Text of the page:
Case-insensitive searches

A huge surprise is that Grouse Grep performs 10-25% faster than GNU Grep when performing case-insensitive searches on simple strings. As with the buffer conditioning case above, this came about mainly from a engineering trade-off: I found that GNU Grep bailed out of using a TBM search if case insensitivity was present, and instead used a more general multi-word matcher (but unfortunately which runs substantially slower than TBM).

But you can use a Boyer-Moore style search for case-insensitive searches: I'd already published this in the original DOS version of Grouse Grep, and some tests showed that the GCC/Linux version of the Grouse FSA was already 10-15% faster than GNU Grep. Producing a TBM-style search was preferable to using the Grouse FSA as (a) the TBM code is much more compact (so it's easier to reuse), (b) TBM has substantially lower search setup costs, and (c) TBM was likely to run faster as the inner loop of the TBM engine requires approximately 3 instructions per skip, whereas the Grouse FSA typically takes 4.

The key to the case-insensitive TBM search is the skip table: It's trivial to modify this table during the setup so that both uppercase and lowercase versions of letters receive the same skip value. Once this modification has been made, the unrolled scan loop will execute correctly and be nearly as efficient as when performing a case-sensitive search. However, when testing the guard character, and when matching the remainder of the string, the buffer text must be translated to fold uppercase letters into lower case, as this is the cheapest way to achieve case-insensitive matching. While this folding table lookup is very cheap to add to the code, it still slows down the TBM code, so the STBM module publishes both a case-sensitive and a case-insensitive version of the search function, so the client may obtain the best performance.

Self-Tuning Boyer-Moore

Another surprise is that I've discovered a minor improvement to the Tuned Boyer-Moore algorithm, which I've called the Self-Tuning Boyer-Moore algorithm. This improvement is notable in that it can avoid most pathological cases that can slow down TBM, yet its normal run time is usually identical or even fractionally faster. I made this discovery on 8 April 1998.

The improvement revolves around the guard character. Recall that TBM has the BM scan loop and match loop, but adds a guard character to reduce the number of times the slower match loop is attempted. Recall also that there's freedom to choose any character of string as the guard, but that general-purpose searches such as GNU Grep merely choose the second-to-last character as the guard as it's simple and effective.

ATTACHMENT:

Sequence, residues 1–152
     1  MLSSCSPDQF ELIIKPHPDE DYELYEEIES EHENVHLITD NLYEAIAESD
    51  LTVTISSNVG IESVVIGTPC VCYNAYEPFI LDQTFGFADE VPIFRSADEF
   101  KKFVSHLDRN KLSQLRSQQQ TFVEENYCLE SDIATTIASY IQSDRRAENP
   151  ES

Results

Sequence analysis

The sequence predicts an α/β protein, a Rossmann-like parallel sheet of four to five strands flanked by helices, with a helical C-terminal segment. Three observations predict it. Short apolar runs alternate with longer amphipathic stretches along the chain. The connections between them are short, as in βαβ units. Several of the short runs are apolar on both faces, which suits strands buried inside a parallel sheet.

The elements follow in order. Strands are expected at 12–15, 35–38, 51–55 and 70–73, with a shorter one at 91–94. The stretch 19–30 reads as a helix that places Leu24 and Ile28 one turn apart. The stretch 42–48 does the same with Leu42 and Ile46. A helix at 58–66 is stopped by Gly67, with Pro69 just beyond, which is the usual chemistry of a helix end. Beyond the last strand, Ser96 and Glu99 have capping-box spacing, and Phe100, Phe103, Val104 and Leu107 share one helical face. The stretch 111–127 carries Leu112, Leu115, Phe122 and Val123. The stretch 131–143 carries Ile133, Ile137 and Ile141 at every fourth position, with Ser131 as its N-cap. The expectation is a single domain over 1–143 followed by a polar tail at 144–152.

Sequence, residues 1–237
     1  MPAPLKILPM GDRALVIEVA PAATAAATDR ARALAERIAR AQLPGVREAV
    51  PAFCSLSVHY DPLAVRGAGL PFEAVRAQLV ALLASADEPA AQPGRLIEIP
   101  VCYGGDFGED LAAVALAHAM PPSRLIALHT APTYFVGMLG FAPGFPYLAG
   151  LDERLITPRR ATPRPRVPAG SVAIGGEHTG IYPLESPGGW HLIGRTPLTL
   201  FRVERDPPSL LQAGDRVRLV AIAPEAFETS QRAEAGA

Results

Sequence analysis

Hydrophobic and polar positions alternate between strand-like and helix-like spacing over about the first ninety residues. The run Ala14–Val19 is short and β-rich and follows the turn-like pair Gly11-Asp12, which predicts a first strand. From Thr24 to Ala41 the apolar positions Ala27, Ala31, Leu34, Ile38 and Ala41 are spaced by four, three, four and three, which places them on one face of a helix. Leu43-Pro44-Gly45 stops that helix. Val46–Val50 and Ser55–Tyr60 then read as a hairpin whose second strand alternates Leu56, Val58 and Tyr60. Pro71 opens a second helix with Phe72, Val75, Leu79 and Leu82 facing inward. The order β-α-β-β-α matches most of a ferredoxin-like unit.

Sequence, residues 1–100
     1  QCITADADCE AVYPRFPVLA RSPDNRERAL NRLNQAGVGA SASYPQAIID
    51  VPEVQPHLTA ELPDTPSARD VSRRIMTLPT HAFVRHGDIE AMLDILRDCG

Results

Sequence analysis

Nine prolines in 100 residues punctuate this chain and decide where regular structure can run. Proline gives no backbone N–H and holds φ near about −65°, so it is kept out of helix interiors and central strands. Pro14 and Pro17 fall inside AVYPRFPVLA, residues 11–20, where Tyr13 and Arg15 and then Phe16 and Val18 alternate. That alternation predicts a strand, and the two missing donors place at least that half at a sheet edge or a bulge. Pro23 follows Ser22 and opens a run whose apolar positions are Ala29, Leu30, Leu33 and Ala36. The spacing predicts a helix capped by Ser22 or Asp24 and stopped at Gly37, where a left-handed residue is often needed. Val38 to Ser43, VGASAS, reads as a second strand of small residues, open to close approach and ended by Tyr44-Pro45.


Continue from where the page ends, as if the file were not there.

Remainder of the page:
There is some benefit in choosing a different guard in some circumstances, although some of the benefit is lost as the match loop becomes more costly where the guard is somewhere in the middle of the string -- we have to either test the guard twice if the match uses a single loop, or set up two loops. This, then is one reason why GNU Grep chooses the second-to-last character: It allows the code to operate using just a single match loop.

One suggestion from Hume and Sunday is that static character frequencies be used to "tune" the guard position, so that the character least likely to appear in the file is chosen as the guard -- the less the guard character matches, the less the code enters the slow match loop. The success of this technique depends heavily on knowing the characteristics of the text being searched. Again, in a general-purpose grep tool, no "best" character frequency distribution can be assumed, and in any case, the analysis to find or guess the correct frequencies may substantially slow down the program.

It turns out that the appropriate character frequencies to use when choosing the character least likely to match as the guard are more complex than a simple static distribution, because the guard test is performed when the scan loop has matched the last character of the string. Therefore, the true probability distribution to use depends on the last character, and on the offset from that position to the guard position. For example, when searching /usr/dict/words for "tree", the best guard character to choose -- given that we've just matched the final "e" -- is in fact the preceding "e", despite "e" being the most common letter in the file.

The true conditional probability seems far too complex to implement... except that I've found you can obtain it virtually for free! This is because there is a piece of information not exploited by TBM that can help tune the guard: The last mismatch position found by the match loop. It costs almost nothing to acquire this information, as it's a by-product of a loop that must be executed whenever a match is attempted. All the activity that occurs with both the guard and the match loop happen after the last character has matched the scan loop, so any information derived from the match is automatically conditional on the last character matching. The effect on the scan loop is very small, although this may depend to some extent on whether the guard offset can be held in a register.